My home country of Canada has both bright spots and outright horror shows. Vancouver is in somewhat good shape with a modest vacancy rate increase to now sit at 5.7 percent. Toronto has seen its availability shift from 3 percent in 2018 to 4.7 percent in September, 2020 to 7.2 percent by the end of the year. 

But the real horror is in Alberta, where Calgary saw its vacancy rate balloon to 29.5 percent and the capital city of Edmonton to 20.1 percent. Across the country, Canada’s downtown average office vacancy increased to 13 percent in 2020, compared to 9.8 percent a year earlier.

There are at least two rather apparent reasons companies are shedding their square footage footprint. The first is depressingly sad; some firms let go of employees due to economic issues, so the space is no longer required in the short or long-term. 

Second, CFOs have taken the opportunity of the pandemic to sharpen their pencils and find significant cost savings from their real estate portfolios. If employees can work from home productively, many finance leaders are using it—and the fortuities of the pandemic—to trim millions off of existing leases. Some companies are even seeking to sell the buildings they own.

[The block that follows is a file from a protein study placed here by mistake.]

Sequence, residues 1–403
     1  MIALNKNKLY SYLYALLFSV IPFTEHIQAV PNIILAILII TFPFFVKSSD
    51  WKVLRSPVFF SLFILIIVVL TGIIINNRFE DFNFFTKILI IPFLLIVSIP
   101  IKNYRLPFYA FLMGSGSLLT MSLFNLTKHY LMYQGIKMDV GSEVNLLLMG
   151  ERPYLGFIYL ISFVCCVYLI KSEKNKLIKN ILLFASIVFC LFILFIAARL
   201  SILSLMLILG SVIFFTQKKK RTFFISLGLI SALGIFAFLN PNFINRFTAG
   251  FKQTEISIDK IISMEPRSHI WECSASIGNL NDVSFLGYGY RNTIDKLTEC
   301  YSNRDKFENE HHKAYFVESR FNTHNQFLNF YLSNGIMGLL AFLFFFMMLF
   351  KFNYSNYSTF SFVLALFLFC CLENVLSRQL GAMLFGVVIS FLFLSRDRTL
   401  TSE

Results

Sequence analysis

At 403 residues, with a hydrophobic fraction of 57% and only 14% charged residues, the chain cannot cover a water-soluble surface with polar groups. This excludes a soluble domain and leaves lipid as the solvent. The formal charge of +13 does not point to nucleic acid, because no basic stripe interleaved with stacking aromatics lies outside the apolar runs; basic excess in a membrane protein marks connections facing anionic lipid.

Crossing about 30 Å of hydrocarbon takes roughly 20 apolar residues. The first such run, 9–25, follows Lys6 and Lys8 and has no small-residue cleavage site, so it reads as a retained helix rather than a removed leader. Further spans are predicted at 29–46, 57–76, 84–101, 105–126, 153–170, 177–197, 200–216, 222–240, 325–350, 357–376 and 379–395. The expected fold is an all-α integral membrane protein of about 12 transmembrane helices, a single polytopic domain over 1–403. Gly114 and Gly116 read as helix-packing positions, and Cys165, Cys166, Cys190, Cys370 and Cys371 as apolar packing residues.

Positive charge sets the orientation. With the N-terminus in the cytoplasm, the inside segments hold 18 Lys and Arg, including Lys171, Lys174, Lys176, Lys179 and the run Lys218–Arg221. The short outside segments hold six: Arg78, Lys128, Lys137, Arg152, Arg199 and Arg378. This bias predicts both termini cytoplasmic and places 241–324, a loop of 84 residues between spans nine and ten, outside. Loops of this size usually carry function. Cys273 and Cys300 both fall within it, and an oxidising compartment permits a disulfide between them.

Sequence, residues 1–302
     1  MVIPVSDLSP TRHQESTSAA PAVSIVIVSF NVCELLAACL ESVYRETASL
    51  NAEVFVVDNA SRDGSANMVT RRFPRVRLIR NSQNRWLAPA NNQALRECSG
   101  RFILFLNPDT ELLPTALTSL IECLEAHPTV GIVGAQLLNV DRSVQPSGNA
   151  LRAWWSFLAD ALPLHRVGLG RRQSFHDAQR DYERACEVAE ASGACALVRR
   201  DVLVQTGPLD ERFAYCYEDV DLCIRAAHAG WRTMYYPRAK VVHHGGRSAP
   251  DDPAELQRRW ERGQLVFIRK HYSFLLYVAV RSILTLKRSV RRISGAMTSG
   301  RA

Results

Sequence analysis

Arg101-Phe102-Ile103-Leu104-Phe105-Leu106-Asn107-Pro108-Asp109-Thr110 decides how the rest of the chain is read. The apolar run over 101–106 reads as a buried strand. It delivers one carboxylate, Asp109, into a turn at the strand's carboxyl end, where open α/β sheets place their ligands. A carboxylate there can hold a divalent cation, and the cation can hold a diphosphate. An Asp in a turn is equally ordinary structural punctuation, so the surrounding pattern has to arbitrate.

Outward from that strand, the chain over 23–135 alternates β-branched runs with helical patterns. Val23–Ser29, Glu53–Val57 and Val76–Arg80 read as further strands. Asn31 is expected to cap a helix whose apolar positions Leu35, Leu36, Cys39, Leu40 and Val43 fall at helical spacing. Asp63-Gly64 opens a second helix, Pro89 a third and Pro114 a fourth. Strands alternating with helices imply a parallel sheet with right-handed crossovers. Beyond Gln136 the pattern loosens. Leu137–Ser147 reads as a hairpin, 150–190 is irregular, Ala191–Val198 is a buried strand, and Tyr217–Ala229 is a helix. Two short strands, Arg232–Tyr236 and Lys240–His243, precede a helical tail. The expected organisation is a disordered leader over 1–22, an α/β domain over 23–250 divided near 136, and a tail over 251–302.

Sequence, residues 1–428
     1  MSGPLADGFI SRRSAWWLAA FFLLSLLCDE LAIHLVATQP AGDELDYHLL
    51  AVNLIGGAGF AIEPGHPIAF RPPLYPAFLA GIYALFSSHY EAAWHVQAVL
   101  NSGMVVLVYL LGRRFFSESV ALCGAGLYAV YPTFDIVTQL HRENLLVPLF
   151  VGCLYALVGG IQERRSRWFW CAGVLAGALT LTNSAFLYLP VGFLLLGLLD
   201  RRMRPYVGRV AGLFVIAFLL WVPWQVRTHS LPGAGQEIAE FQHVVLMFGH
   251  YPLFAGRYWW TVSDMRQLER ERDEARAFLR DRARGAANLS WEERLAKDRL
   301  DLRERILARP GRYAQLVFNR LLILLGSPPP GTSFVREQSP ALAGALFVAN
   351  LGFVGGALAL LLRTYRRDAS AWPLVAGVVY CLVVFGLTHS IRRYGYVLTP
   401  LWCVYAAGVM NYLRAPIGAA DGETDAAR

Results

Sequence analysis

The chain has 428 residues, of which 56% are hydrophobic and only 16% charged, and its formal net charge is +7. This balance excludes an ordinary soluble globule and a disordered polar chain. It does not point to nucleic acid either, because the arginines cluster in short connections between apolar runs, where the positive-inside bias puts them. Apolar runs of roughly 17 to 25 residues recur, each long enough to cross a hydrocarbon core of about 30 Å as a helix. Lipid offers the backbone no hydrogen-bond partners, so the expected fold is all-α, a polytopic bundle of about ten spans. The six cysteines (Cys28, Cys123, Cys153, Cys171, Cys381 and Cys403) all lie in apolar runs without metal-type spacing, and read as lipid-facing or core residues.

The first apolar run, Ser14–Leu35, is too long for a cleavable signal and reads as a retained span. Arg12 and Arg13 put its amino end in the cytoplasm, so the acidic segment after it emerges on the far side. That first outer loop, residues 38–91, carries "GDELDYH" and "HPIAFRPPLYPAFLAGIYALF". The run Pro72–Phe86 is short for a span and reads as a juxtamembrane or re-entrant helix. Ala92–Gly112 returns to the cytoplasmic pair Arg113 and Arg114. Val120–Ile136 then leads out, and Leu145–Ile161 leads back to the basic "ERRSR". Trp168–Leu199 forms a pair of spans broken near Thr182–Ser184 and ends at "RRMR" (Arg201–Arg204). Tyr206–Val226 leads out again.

What to make of it all?

I see no reason for the real estate office space collapse to discontinue in 2021. I reckon that by the end of the year, the majority of big cities will witness vacancy rates in the high teens through the high 20’s.

That’s not the problem. Savings are a good thing for CFOs to commandeer off of their real estate portfolios.

The challenge that I’m concerned about, however, is not about square footage, rather a) what that square footage looks like post-pandemic, b) how the real estate footprint is used in a ‘new hybrid way of working,’ and c) how organizations are preparing now for a post-pandemic world of work.

Too many leaders are simply trying to survive. But what has to be happening in parallel is an all hands on deck approach to re-engineering how work will be performed once offices are once again safe to work from.